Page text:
g γ2

ogous to the Gutenberg--Richter law for earth-

+ 2(u—td,max ’ u—td,min )2

quakes, which states that the cumulative fre-

(8.31)

quency of events with a seismic moment greater

The incomplete gamma functions have been than M o is a power-law function of M o .

Studies suggest that a threshold dependence

approximated as unity in Eq. (8.31) to yield an

expression analogous to Eq. (8.28). The additional on soil moisture is appropriate for slope insta-

terms in Eq. (8.28) were found to have a minor blity since landslides often occur when the prod-

effect on the dependence of saltation on water- uct of rainfall duration and intensity exceeds a

table depth (e.g. Figures 8.15 and 8.16) because threshold value (Caine, 1980; Wieczoreck, 1987).

the additional terms in Eq. (8.31) are related di- In situ monitoring of pore pressure has shown

rectly to wind speed rather than soil moisture. that increases in pore pressure resulting from

Equation (8.31) does, however, provide a more ac- heavy precipitation are coincident with landsli-

curate estimation for the absolute value of the des (Johnson and Sitar, 1990). Several authors

saltation ¬‚ux than Eq. (8.28), because it explicitly have shown that variations in the frequency of oc-

represents the range of threshold wind velocities currence of landslides respond to climatic chan-

ges, with higher rates of landslides associated

observed in CLIM-MET station data.

206 STOCHASTIC PROCESSES

with wetter climates (Grove, 1972; Innes, 1983; (a)

Pitts, 1983; Brooks and Richards, 1994). Further

evidence for correlations between landslides and

soil moisture is the observation that soil drainage

is the most successful method of landslide pre-

vention in the United States. Seismic triggering of

landslides has also been studied by many authors

(b)

(Keefer, 1984; Jibson, 1996). Correlations between

landslides and earthquakes can be inferred in a

number of ways. Many earthquakes have been

known to trigger large numbers of landslides and

landslide densities have a strong correlation with

active seismic belts.

The Washita experimental station has pro-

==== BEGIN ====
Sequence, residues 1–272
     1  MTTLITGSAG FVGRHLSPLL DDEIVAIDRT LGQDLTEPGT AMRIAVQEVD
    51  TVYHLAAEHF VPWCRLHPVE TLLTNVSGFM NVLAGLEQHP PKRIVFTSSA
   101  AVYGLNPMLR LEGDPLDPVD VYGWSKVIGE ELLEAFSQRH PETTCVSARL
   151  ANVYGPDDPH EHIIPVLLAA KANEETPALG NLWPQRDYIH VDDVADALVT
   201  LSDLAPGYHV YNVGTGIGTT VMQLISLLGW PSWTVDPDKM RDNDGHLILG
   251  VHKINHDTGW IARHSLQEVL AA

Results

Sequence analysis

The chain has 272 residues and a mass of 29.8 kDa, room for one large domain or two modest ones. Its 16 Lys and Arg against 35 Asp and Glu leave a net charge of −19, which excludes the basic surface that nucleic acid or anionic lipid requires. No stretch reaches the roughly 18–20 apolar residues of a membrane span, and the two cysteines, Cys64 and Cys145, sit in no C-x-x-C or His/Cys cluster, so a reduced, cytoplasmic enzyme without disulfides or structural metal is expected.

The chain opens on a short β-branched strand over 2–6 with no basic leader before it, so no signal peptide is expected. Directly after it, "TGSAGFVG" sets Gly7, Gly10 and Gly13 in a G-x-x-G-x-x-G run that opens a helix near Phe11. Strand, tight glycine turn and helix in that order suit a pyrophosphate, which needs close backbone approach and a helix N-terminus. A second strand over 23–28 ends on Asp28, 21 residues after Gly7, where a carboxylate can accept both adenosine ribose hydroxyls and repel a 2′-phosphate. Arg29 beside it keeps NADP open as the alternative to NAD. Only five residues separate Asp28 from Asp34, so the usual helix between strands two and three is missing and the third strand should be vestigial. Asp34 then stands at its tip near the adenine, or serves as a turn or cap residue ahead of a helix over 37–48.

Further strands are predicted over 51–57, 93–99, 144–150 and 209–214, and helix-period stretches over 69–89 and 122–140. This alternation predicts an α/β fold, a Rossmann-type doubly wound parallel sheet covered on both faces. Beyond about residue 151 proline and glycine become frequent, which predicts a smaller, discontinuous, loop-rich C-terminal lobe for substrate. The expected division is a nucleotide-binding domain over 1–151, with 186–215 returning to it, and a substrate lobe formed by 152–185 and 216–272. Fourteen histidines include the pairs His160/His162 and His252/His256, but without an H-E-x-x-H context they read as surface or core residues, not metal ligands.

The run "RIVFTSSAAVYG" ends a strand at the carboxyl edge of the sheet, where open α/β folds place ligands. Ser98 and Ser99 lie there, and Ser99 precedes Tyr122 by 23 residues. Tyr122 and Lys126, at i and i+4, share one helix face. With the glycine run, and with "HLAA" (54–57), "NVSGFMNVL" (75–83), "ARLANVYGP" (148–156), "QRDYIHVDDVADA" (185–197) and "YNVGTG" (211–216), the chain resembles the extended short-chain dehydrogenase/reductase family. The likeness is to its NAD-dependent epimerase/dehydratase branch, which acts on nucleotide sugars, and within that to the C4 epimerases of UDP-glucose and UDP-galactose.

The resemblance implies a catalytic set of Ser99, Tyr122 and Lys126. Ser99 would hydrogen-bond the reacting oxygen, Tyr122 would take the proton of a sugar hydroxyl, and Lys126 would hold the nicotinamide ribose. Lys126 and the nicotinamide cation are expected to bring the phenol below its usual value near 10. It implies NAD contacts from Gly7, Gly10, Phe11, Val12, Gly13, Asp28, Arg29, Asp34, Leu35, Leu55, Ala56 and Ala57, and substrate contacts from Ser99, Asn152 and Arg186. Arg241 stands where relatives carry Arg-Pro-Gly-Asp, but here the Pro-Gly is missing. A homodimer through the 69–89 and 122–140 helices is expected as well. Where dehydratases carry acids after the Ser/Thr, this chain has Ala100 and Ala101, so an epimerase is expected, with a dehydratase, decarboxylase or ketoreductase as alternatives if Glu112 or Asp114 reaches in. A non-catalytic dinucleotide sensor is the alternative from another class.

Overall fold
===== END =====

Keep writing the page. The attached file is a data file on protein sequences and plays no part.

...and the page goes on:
vided very useful information on the evolution Fig 8.18 (a) Grayscale map of microwave remotely sensed

of soil moisture in space and time. By character- estimates of soil moisture on June 17, 1992 at the Washita

experimental watershed. (b) Grayscale map of a synthetic soil

izing the spatial variability of soil moisture us-

moisture ¬eld with the power spectrum S(k) ∝ k ’1.8 with

ing observed data sets, we can construct statis-

the same mean and variance as the remotely sensed data.

tical models that match the observed statistics.

Modi¬ed from Pelletier et al. (1997). Reproduced with

For this purpose, microwave remotely-sensed soil

permission of Elsevier Limited.

moisture data collected from June 10 to June 18,

1992 at the Washita experimental watershed can

be used (Jackson, 1993). The watershed received

In this equation, the evapotranspiration rate ·

heavy rainfall preceding the experiment but did

is assumed to be constant in space and time.

not receive rainfall during the experiment. The

Soil moisture disperses diffusively in the soil,

data are gridded estimates of soil moisture in the

and rainfall input ξ (x, t) is modeled as a random

top ¬ve centimeters of soil calculated using the

function in space and time. Variations in rain-

algorithm of Jackson and Le Vine (1996). Each

pixel represents an area of 200 m — 200 m and fall from place to place cause spatial variations

in soil moisture that are damped by the effects

the total area considered is 45.6 km by 18.6 km.

of diffusion and evapotranspiration. Without spa-

The soil moisture values do not correlate with re-